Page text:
Ticketed? Learn How Traffic Offenses Influence Personal Injury Cases

When a driver involved in an accident ends up with not just a wrecked car but a traffic ticket, the effects can be far more serious than just a few hundred dollars. Read on to find out what this complicating factor might mean to your personal injury case.

When Citations Affect Liability

When a traffic citation is issued in connection with an accident, it's almost always connected to liability. Liability means fault, and many accidents involve a driver that violates a traffic law and consequently causes a wreck. Many times, the responding officer determines how the accident occurred and issues citations right on the scene. The accident or police report will usually contain information about citations or even arrests in conjunction with the accident. Regardless of which driver is ticketed, they will likely be the driver determined to be at-fault for the accident.

When it comes to driver liability, nothing is more important in a personal injury case. Drivers who are at fault are not going to be paid money damages for things like medical expenses, lost wages, pain and suffering, and more. They may get their own insurer to cover some of those damages, but they are not likely to be paid more than that. It should also be mentioned that traffic violations in connection to accidents tend to be more costly as well. If you have been cited for a violation but you feel that the other driver was really the one at fault, it's more important than ever that you speak to a personal injury attorney and that you fight that ticket in court.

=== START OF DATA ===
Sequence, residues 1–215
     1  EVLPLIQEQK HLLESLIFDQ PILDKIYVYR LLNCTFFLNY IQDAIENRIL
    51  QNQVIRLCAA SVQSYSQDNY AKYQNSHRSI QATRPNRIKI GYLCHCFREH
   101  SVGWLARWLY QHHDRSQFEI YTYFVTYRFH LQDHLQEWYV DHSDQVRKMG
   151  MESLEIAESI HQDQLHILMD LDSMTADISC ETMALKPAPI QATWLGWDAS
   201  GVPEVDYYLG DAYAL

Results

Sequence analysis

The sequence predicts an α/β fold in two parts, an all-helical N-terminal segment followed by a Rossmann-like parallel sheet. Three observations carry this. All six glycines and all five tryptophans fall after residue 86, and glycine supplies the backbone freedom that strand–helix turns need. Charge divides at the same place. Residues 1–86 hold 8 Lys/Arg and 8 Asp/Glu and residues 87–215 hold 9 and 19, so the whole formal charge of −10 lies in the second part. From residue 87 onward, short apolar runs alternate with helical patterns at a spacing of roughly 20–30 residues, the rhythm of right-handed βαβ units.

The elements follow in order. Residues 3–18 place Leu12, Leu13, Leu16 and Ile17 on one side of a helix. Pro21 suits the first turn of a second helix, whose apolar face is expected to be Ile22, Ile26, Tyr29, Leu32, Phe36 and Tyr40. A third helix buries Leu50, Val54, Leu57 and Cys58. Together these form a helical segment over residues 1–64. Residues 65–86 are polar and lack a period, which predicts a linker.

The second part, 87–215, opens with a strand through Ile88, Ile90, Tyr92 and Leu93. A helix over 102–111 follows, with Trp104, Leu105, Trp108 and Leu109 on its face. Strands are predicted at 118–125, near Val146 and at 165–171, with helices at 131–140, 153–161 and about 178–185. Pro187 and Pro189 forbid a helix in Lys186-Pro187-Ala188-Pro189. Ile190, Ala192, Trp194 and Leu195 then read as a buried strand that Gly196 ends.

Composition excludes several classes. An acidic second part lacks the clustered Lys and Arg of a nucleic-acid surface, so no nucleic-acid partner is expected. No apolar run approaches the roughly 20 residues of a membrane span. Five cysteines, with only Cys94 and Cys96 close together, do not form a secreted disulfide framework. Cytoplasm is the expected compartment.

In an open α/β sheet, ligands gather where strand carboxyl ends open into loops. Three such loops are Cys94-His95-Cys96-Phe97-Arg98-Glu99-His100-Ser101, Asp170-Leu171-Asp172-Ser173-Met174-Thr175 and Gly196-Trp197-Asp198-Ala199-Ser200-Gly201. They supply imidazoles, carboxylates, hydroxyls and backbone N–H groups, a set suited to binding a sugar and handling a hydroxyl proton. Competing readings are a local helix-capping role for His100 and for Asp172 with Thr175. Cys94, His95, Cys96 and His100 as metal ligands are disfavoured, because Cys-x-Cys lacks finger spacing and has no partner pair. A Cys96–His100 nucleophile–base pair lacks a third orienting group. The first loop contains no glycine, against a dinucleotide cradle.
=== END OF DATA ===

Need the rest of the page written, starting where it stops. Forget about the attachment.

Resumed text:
When the Other Driver Was Cited

On the other hand, having the other driver cited means you might be offered a larger and faster settlement for your damages. Follow up with your personal injury attorney to find out about any citations that might have been issued later on after an investigation by law enforcement was completed. For example, if the other driver that hit you was also arrested at the scene for driving under the influence, you won't have any trouble proving that the intoxicated driver caused the accident. In addition, you might be entitled to punitive damages if you take your case to court rather than settling it. Judges sometimes use their powers to punish drivers who drive drunk, text, evade law enforcement, etc. It's not just the criminal courts but the civil courts that can hand down punishments, and you might benefit from additional money damages being awarded.

Speak to a personal injury attorney for help when a ticket is part of your accident case.